Almost a year into the pandemic, we have lost ten million jobs and the number of Americans who have lost their jobs permanently continues to climb. Most economists predict a slow recovery, highlighting the need for innovative ideas that can help people re-enter the labor market. Policies that expand access to and investment in education and training programs are a critical piece of this puzzle. But putting Americans back to work and building a skilled workforce is not a challenge that any one entity can solve alone. It requires a coordinated approach at all levels, with collaboration across policymakers, employers, education and training providers, worker advocates, and nonprofit organizations. To explore the role that cities can play in addressing this challenge, with the support of the Cognizant U.S. Foundation, we released a new report—Building a Lifelong Learning System: A Roadmap for Cities—that draws on findings from roundtables hosted in Chicago, Phoenix, and Hartford, and recommends specific steps that cities can take to develop a lifelong learning system. Expanding on the conversations we convened with experts on the frontlines of this challenge, we hosted an event—including remarks from Phoenix Mayor Kate Gallego and Hartford Mayor Luke Bronin—to illuminate the barriers and opportunities of creating an equitable, accessible lifelong learning system.
Employers will play a critical role in helping our country recover from the economic shock of the pandemic. This year, with the support of Lumina Foundation, we proposed recommendations to strengthen the tax incentive (Section 127 of the Internal Revenue Code) that employers use to provide education and training to their employees, and proposed a broader agenda aimed at helping employers upskill and retrain their employees. And we know that for many workers seeking education and training, cost remains a barrier. To explore the options students have to finance education and training, we issued a report which provides an overview of how Income Share Agreements could be designed and operated to improve economic opportunity for American workers.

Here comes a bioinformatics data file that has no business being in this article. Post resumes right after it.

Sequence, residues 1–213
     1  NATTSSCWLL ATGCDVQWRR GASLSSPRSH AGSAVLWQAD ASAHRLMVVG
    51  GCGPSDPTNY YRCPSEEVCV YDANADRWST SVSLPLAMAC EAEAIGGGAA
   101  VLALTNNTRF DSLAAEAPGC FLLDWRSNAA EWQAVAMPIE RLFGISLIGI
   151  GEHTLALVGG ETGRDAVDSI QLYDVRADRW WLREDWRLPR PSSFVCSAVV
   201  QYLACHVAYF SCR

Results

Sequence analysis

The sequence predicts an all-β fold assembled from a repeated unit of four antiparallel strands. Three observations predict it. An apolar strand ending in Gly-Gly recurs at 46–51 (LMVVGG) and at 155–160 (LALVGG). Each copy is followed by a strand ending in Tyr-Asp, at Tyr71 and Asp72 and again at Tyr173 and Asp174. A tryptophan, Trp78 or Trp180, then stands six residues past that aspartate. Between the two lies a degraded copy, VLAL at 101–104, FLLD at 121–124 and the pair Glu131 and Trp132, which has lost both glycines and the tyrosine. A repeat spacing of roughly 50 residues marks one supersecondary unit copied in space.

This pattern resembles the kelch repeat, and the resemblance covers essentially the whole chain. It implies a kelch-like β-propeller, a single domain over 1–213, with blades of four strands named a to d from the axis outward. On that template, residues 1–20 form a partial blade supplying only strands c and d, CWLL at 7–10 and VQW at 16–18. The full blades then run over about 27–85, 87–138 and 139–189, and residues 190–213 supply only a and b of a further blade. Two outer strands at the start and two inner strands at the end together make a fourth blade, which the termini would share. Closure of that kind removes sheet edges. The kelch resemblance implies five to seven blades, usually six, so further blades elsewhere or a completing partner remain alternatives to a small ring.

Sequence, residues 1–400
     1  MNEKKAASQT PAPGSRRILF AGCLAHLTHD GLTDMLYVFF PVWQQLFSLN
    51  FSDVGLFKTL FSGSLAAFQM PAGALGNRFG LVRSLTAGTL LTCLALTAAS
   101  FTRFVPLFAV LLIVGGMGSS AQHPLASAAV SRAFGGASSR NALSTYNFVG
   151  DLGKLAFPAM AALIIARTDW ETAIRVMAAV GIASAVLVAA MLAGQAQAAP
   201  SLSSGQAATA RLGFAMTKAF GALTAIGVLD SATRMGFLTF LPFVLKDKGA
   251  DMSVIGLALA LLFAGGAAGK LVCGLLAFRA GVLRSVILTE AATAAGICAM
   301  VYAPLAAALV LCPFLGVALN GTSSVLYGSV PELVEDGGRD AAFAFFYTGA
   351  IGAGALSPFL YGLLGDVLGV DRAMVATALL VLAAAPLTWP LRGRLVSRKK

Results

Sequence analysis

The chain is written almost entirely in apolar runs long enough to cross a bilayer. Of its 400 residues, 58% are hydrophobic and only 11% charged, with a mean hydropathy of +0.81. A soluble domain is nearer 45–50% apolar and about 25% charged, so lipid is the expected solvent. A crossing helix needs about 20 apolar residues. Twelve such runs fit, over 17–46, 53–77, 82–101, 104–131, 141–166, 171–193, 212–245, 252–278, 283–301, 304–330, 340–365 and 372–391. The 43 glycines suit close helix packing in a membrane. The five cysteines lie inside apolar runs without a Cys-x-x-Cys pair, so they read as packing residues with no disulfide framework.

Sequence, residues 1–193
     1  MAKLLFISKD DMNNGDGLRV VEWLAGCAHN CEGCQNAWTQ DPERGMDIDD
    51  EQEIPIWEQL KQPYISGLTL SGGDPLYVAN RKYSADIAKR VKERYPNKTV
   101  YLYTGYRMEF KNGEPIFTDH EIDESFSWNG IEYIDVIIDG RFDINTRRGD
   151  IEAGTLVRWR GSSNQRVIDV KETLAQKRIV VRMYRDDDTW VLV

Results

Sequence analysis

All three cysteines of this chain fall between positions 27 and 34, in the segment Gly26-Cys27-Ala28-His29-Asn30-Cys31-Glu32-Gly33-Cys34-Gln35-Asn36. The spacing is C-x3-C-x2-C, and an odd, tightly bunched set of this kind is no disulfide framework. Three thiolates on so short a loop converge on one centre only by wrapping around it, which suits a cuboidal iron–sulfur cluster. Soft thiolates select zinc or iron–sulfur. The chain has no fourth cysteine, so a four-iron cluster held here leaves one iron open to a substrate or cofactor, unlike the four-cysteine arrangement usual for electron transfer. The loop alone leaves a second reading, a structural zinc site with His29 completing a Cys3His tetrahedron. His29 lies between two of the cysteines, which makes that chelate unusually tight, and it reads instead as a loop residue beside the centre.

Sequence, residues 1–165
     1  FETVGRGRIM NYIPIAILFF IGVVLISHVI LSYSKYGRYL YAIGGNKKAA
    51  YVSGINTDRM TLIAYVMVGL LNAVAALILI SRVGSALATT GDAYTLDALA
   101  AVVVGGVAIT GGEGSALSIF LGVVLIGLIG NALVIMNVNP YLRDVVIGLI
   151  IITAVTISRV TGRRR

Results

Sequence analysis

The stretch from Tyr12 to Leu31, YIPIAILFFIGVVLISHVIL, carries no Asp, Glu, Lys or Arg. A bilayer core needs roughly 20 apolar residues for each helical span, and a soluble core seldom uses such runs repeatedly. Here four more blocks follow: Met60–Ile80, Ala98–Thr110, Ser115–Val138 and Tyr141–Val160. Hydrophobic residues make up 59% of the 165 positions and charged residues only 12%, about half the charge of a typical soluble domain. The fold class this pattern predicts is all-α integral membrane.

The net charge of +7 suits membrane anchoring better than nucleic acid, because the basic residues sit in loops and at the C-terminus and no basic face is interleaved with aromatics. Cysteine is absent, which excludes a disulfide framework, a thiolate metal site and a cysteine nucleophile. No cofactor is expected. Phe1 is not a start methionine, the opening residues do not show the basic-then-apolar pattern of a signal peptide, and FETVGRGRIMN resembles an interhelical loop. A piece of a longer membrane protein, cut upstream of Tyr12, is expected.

This year has been uniquely challenging and it is credit and testament to all of my colleagues at the Future of Work Initiative who have contributed to our work: Kathryn Alvarez, Anna Fife, Natalie Foster, Hilary Greenberg, Erin McAlister, Zach Neumann, Ethan Pollack, Libby Reder, and Shelly Steward. Many of our projects have involved the entire team and I am deeply appreciative of their creativity, teamwork, and willingness to overcome any obstacle to advance our work. Any success our program has enjoyed is the result of their hard work and willingness to be exceptional team members.
Looking ahead to 2021, the structure of the Future of Work Initiative will change. The Initiative will join the Economic Opportunities Program at the beginning of next year. As part of the transition, I will step down as the Executive Director of the Initiative at the end of this year, but will continue to stay involved at Aspen as a Senior Fellow and Advisor. I’m excited to share that Dr. Shelly Steward, who currently serves as our Associate Director of Research, will direct the Initiative’s activities going forward.
Finally, it has been an honor to serve as the Executive Director of the Future of Work Initiative and work alongside such a dedicated team. I am also indebted to our Honorary Co-Chairs, Senator Mark Warner and former Governor of Indiana Mitch Daniels, and the work that was done by our National Advisory Council, which was led by Governor Jack Markell. The future of work has become the work of today, and the need to develop policies that respond to these challenges is more urgent than ever. Hopefully, the work that we have done since our program’s inception will help inform new policies and spur needed action. I am confident that the Initiative will continue to be a leading voice in this evolving and necessary conversation.
– Alastair Fitzpayne, Executive Director, Aspen Institute Future of Work Initiative